Khan Academy’s math program is designed to help children and young adults learn and practice a particular set of math skills. These skills map to school curricula like the US Common Core, so that when students learn something on the site, it translates to success in the classroom. But Khan Academy can also help adults review the fundamental skills necessary to learn more advanced math. The idea is to fill in “swiss cheese gaps” in knowledge that often accumulate when learning math in school. These gaps can slow down further learning, since math success in later courses depends on knowing the skills taught in previous courses.
This week, I’ll go over the topics available on Khan Academy. Next week, I’ll look at how they relate to discrete math topics.
Khan Academy is in the middle of a mastery system upgrade. The previous World of Math system coexists with a new mastery system based on courses. Fortunately, the two systems share mastery status for each skill. So if you use one system for practice, you get credit in the other system and don’t have to review topics you already know.
I find the World of Math system simpler to navigate: you can just keep clicking the “Start mastery challenge” button, and problems keep appearing. You don’t have to worry about which subjects the problems come from. But this flat structure makes it harder to see how problems fit into the overall math curriculum. Since I’m writing about curriculum this week, I’ll use the new system’s course-based structure.
Khan Academy currently offers 57 math courses, but many topics are covered by multiple courses. For example, the Differential Calculus, AP®︎ Calculus AB, and Calculus 1 courses each work as a first course in Calculus. The World of Math mission draws from many of the 57 courses, but it picks a subset of the exercises to avoid duplication.
Here’s how I would organize these 57 courses into 15 topic areas by consolidating courses that cover similar topics:
Early math (through 2nd grade)
This is what kids learn in their preschool years and the first three years of primary school. Topics include counting, addition and subtraction, place value, measurement and data, and basic geometry.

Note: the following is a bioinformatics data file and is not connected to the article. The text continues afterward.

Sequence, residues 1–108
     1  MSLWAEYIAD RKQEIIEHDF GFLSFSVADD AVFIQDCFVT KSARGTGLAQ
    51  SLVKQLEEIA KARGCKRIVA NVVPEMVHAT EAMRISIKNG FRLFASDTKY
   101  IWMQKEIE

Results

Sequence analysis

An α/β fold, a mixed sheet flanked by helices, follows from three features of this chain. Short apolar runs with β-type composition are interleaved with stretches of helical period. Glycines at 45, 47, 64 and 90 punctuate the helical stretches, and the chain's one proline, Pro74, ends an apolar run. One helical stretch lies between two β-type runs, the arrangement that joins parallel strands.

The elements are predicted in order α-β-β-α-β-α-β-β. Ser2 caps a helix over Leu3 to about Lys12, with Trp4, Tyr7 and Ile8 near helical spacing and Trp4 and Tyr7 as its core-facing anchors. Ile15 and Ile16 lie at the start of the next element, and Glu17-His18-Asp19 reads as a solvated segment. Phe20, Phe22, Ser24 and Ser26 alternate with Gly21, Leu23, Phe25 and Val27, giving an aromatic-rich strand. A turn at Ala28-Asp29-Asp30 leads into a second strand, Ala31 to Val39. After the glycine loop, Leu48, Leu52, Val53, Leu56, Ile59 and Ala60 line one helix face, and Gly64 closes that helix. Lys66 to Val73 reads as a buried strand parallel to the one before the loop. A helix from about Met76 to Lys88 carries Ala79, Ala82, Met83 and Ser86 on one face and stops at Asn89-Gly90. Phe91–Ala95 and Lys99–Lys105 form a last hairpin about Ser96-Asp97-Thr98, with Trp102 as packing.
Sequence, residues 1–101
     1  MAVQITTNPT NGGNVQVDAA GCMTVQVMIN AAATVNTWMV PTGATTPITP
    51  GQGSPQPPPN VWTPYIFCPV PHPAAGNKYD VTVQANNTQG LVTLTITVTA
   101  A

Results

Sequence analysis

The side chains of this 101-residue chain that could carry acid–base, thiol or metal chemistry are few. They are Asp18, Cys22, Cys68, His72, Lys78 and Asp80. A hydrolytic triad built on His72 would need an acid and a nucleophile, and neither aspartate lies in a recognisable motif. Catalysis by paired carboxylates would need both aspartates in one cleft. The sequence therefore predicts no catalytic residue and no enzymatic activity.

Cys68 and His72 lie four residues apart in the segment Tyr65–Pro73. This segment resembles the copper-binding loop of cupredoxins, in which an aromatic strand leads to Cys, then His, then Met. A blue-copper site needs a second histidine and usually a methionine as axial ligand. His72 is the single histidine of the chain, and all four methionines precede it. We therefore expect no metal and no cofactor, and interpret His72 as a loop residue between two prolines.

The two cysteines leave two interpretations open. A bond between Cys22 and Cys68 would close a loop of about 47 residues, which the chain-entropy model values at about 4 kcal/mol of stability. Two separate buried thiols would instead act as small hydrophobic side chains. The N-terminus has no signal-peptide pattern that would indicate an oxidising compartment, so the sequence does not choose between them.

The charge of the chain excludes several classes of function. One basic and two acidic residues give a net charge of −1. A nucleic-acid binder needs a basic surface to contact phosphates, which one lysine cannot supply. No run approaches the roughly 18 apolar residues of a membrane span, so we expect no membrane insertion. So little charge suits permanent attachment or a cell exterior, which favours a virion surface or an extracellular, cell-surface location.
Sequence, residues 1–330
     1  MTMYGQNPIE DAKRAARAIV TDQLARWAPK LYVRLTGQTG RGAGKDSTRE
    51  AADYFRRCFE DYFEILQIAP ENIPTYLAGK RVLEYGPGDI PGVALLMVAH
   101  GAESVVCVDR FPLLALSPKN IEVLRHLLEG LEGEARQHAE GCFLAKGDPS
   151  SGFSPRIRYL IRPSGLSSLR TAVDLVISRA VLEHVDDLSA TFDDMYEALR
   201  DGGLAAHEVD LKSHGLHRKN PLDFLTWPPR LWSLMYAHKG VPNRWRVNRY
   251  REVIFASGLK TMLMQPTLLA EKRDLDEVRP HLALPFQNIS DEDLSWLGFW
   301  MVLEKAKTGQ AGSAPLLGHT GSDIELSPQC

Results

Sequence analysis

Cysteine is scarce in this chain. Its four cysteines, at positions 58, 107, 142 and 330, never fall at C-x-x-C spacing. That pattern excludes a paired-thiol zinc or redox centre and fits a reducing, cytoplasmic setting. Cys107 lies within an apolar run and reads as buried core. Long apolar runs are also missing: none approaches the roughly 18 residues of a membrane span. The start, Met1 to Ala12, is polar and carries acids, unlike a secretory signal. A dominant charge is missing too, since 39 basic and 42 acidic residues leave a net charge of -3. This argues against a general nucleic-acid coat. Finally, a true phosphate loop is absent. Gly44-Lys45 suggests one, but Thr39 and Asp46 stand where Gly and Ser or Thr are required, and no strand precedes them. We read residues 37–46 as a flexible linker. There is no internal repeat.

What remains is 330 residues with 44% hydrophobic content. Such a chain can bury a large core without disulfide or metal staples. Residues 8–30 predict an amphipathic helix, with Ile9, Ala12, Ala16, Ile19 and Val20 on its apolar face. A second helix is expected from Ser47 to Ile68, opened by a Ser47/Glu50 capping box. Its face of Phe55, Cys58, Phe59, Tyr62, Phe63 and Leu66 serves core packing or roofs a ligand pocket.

Primary school (3rd-5th grades)
These courses review and expand on the early math topics, and add multiplication and division, fractions and decimals, rounding, calculating area, word problems, negative numbers, factors, unit conversion, and algebraic thinking.
11 courses: 3rd grade, 3rd grade (Eureka Math/EngageNY), 3rd grade foundations (Eureka Math/EngageNY), Arithmetic, Arithmetic (all content), 4th grade, 4th grade (Eureka Math/EngageNY), 4th grade foundations (Eureka Math/EngageNY), 5th grade, 5th grade (Eureka Math/EngageNY), and 5th grade foundations (Eureka Math/EngageNY).
Later primary school (6th-7th grades)
These courses add more advanced topics to prepare students for later studies: ratios and proportional relationships, rates, percentages, properties of numbers, variables, expressions, equations, inequalities, probability and statistics, ratios, rational numbers, and calculating volume.
8 courses: 6th grade, 6th grade (Illustrative Mathematics), 6th grade (Eureka Math/EngageNY), 6th grade foundations (Eureka Math/EngageNY), 7th grade (Eureka Math/EngageNY), 7th grade, 7th grade (Illustrative Mathematics), and 7th grade foundations (Eureka Math/EngageNY).
Pre-algebra and geometry (8th grade)
The 8th grade courses combine pre-algebra and basic geometry topics, to prepare students for full courses on those subjects in high school:
- Pre-algebra: numbers and operations, solving equations with one unknown, linear equations and functions, systems of equations, integer exponents, scientific notation, exponents, radicals, arithmetic properties, factors and multiples, and the coordinate plane.
- Basic geometry: transformations, congruence, similarity, Pythagorean theorem, and irrational numbers.